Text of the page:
By Paddy Quick
Donald Trump’s claim to be able to address the economic concerns of the people of the US rests on his supposed achievements as a businessman. While these achievements are disputed, the more serious problems with this claim lie in the assumption that the
skills that go into the achievement of monetary success by an individual will also be appropriate for the decision-making that is necessary for the economy as a whole. Ability on a micro-economic level is thus generally mistakenly seen as evidence for an ability to achieve macro-economic goals.
This is, at root, nothing other than belief that the individual pursuit of profit will, through the operation of the “invisible hand” (a la Adam Smith) result in the “wealth of nations.” By extension, it implies that those individuals who are most successful, as measured by their profits, have thereby contributed the most to the nation as a whole. This is somewhat of a slander on Adam Smith, who did recognize the need for several categories of government intervention in the “free market”, but it does conform with the general belief that the unrestrained pursuit of profit is beneficial to all. Trump’s claim to a wealth of billions is thus presented as evidence of his ability to be President of the United States.
Most mainstream economics, as taught in our high schools and colleges, contributes to this belief, in particular by introducing the discipline of economics with a presentation of micro-economic theory. Students are taught in this about the determinants of the prices of individual products, and, in marginal productivity theory, about the level of employment of labor by individual businesses. (Mainstream theories such as these do, of course, need to be challenged, but I set that aside for now.) It is only later, in the presentation of macro-economic theory, that students are introduced to such concepts as inflation and unemployment. The former, inflation, cannot be understood as the sum of the decision-makers of individual businesses as to the profit-maximizing level at which to set the prices of their products. The latter, the level of unemployment on the macro-level, cannot be understood as the result of changes in the ability of the owners of individual businesses to meet the preferences of consumers. Similarly an individual’s ability to make financial and trade “deals” provides no insight into ßdeterminants of interest or exchange rates.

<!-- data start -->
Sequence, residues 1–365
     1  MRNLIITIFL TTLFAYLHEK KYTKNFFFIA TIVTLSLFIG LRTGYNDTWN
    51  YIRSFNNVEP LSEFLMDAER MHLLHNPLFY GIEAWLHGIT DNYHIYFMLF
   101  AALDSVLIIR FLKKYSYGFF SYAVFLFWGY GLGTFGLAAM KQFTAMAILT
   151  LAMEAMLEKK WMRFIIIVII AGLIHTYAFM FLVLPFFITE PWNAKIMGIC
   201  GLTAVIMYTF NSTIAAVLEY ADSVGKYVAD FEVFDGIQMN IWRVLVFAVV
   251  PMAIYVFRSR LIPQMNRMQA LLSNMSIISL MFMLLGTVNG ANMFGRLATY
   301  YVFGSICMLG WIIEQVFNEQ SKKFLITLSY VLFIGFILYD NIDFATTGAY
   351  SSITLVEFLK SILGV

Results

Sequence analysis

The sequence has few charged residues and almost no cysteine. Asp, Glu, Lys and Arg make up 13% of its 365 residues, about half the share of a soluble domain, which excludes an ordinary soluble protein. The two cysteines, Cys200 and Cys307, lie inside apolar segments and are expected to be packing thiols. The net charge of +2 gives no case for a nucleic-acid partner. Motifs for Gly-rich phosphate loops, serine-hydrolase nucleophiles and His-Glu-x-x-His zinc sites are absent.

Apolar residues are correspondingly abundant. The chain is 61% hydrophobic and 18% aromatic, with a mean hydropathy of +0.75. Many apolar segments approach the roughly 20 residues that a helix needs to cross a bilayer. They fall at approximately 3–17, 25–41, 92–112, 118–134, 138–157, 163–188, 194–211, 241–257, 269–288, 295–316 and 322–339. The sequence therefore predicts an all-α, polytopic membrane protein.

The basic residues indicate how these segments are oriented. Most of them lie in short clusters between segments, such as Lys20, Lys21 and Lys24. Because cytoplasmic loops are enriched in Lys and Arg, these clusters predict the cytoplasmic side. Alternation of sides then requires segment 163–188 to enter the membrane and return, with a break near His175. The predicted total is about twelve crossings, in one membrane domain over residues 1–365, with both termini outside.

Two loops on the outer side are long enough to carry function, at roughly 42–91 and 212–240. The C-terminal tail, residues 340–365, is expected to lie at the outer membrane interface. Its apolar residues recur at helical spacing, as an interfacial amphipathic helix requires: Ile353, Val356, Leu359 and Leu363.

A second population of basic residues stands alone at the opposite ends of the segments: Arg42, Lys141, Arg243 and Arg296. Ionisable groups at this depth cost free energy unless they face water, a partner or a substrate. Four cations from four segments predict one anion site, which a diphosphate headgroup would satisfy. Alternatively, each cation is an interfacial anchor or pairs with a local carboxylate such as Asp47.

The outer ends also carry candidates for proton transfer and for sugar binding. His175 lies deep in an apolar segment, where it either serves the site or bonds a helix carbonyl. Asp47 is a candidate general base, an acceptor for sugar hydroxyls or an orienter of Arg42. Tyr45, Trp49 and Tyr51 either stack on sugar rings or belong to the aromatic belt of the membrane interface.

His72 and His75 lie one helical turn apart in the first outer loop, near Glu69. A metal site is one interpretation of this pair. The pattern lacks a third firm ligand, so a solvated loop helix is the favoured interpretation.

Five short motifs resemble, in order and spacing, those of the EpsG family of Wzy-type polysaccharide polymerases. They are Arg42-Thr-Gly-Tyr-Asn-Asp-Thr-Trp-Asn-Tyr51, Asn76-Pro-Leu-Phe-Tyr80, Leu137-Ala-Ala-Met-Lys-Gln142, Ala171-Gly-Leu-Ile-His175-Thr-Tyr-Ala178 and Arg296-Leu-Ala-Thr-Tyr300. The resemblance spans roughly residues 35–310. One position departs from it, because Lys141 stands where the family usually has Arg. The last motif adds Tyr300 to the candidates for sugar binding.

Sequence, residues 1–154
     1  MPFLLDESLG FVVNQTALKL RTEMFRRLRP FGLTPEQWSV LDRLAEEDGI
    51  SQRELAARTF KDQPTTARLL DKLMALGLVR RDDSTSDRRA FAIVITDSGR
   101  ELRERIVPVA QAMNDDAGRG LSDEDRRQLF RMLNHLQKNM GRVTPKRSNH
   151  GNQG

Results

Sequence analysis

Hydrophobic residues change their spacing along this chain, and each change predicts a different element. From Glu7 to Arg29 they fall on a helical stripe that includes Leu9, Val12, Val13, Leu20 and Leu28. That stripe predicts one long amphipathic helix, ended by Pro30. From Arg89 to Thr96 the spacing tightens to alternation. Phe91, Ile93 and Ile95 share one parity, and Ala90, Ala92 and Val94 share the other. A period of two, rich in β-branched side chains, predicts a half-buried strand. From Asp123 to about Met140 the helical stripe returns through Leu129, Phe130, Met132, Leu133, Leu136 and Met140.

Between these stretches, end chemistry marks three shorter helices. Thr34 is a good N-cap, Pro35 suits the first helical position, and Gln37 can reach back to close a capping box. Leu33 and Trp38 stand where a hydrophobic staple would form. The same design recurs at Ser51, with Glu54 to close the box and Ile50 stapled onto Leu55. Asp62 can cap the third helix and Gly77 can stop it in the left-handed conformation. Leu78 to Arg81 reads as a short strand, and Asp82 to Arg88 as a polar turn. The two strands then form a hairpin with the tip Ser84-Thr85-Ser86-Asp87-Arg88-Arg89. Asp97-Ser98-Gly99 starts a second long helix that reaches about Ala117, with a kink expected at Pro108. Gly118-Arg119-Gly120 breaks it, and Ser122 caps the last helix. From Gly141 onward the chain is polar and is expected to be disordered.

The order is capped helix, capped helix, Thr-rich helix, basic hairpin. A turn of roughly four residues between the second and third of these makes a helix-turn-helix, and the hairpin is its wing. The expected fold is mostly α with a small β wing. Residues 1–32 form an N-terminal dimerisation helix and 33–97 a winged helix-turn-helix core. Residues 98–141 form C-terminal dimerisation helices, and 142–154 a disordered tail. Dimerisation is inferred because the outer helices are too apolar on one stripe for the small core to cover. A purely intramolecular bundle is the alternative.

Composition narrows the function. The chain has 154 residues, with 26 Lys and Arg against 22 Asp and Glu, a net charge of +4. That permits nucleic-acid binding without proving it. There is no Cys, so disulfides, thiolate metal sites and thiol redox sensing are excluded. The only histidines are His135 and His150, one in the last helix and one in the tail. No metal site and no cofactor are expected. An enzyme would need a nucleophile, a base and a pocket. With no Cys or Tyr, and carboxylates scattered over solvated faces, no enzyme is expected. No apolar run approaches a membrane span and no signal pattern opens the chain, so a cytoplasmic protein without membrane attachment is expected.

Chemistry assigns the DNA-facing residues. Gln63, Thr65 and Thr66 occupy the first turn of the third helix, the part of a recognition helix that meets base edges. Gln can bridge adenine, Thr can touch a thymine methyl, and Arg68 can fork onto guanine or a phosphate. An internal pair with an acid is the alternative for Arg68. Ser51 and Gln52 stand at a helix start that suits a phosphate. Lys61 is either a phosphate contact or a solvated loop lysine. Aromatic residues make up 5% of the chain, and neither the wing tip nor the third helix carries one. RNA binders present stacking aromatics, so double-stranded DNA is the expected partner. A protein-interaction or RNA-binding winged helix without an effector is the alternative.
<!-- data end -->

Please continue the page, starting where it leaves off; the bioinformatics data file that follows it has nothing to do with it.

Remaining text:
Drawing a distinction between micro- and macro-economics is thus one way (among several) for radical political economists to address Trump’s undoubted appeal to many people within the working class.
By Paddy Quick